An organization can mitigate, monitor and handle their micro-environmental issues effectively. Thus, from the examination of IKEA, SWOT and Porter’s five forces analysis is effective towards the examination of the organisation. The inculcation of the SWOT approach entails a scrutiny of the company’s strengths, weaknesses, opportunities and threats. Thus, through the SWOT analysis, the diverse micro-environment factors that impact it include;
The company has wide market reach with diverse countries of operation. As such, its operational investment into numerous countries has sustained a more profitable and performing organisation. Furthermore, its investment into the emerging countries such as Brazil, India and china has been significant towards the growth of the organisational profitability.
The company exudes significant weakness regarding sustenance of customer awareness. As such, the company’s marketing approach has mainly been based on the below the line approach. The below the line approach, as per Nigel, (2012) highly focussed on a given niche of customers thus resulting into a reduction in customer awareness.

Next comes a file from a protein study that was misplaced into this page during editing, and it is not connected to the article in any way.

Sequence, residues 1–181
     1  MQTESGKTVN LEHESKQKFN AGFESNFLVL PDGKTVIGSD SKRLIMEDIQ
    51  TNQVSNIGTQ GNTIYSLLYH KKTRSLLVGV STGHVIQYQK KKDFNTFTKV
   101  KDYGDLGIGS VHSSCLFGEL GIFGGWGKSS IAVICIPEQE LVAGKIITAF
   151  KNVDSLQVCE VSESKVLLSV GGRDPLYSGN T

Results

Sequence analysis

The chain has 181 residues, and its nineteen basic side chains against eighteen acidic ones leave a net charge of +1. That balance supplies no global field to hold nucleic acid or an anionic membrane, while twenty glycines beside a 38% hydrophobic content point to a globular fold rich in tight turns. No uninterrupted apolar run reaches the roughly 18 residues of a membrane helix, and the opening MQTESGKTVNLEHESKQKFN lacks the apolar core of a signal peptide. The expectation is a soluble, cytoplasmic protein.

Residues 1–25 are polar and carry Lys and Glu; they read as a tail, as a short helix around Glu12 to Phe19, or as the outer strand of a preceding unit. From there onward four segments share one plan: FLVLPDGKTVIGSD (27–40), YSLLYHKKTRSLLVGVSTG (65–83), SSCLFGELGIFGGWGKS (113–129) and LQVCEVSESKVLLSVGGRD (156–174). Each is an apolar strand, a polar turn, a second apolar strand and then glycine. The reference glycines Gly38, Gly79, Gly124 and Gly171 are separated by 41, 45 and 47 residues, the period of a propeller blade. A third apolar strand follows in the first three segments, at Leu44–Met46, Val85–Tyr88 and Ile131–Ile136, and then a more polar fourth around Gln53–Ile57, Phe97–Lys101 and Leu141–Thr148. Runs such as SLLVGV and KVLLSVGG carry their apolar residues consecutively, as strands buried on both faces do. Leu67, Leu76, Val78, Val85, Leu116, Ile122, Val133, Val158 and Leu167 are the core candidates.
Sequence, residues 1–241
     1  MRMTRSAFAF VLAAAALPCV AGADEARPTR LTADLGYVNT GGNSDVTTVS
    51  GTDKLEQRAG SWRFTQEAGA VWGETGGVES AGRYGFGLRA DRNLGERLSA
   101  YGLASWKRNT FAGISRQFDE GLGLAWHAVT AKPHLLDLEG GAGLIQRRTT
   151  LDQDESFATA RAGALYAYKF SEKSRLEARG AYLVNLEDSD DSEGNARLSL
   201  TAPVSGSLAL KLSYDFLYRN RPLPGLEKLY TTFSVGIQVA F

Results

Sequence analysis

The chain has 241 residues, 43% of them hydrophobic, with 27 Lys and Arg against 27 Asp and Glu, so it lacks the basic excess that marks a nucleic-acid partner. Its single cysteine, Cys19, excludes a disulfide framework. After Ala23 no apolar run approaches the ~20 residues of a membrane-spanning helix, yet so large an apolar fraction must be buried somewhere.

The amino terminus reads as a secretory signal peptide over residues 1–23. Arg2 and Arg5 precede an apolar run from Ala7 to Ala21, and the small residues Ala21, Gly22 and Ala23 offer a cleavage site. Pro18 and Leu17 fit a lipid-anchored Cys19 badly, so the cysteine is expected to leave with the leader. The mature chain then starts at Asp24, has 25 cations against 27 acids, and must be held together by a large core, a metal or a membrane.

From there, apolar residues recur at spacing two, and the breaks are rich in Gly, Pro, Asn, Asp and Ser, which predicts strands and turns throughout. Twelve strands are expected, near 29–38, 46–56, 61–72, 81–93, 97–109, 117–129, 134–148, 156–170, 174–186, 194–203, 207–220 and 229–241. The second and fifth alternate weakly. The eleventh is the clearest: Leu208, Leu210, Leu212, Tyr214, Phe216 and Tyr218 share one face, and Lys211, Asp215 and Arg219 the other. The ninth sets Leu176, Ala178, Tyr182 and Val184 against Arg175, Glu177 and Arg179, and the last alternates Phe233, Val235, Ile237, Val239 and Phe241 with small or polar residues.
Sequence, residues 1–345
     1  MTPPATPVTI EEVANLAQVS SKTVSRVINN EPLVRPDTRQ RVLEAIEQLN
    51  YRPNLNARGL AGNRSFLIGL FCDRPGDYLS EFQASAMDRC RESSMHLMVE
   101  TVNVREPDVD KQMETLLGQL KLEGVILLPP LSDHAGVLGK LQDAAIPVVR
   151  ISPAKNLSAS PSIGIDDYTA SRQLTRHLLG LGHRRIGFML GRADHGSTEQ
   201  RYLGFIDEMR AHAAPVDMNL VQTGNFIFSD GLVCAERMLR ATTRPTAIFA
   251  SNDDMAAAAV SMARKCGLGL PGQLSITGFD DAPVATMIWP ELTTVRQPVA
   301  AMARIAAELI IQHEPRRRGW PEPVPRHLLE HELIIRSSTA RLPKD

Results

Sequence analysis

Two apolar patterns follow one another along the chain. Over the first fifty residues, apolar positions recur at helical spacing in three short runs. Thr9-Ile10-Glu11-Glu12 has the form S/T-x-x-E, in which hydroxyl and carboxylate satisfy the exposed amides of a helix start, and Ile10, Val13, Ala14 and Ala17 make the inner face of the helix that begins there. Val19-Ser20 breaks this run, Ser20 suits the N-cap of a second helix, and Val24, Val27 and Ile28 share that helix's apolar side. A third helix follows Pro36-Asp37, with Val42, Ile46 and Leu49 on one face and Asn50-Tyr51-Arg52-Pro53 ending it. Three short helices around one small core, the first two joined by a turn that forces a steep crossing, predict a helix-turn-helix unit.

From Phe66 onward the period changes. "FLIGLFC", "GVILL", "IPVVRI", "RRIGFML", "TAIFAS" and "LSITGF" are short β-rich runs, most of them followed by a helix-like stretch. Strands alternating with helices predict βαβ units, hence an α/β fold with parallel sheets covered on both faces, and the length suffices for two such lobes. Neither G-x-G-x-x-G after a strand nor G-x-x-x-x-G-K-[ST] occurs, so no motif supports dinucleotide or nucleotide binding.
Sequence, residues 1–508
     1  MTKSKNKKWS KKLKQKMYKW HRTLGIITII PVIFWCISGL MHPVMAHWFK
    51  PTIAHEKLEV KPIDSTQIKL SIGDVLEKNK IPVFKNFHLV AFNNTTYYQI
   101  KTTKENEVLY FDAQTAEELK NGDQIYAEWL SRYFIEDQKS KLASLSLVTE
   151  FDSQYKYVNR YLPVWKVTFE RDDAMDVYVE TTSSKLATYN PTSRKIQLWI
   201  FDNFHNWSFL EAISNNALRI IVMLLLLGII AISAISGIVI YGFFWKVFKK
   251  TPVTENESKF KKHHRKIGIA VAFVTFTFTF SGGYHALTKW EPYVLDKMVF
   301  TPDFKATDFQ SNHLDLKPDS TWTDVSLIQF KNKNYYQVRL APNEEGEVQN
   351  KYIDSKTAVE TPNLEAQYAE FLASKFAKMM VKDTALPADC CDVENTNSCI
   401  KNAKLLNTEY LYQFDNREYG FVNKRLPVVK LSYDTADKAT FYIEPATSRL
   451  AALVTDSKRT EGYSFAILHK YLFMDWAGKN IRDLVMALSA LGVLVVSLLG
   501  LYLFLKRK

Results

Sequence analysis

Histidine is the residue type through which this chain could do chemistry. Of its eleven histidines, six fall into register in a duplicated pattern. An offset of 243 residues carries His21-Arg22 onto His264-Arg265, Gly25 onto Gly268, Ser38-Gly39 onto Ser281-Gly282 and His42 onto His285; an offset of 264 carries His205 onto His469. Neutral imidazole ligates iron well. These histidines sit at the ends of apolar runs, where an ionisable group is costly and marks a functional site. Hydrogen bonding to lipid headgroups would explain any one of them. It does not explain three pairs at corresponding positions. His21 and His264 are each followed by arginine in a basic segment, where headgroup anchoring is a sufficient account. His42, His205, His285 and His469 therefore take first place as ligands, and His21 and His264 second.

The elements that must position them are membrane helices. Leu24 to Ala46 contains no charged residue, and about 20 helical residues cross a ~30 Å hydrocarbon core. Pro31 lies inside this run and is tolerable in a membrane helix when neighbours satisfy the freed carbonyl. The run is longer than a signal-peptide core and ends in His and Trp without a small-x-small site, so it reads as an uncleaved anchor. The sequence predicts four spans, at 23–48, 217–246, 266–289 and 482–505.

Telecommunication growth has led to the emergence of E-business. E-business, which entails online based transactions, has become a source of organizational performance within IKEA. In order to sustain performance and market reach within UK’s over 70% internet users, it has become profoundly important for IKEA to venture into E-business. E-business is bound to ensure that the organisation taps into the growing online market. The online market in UK is high vast thus, an investment into the online platform is bound to necessitate a wider market reach. A wider market reach will ensure an increase in revenue and customer acquisition.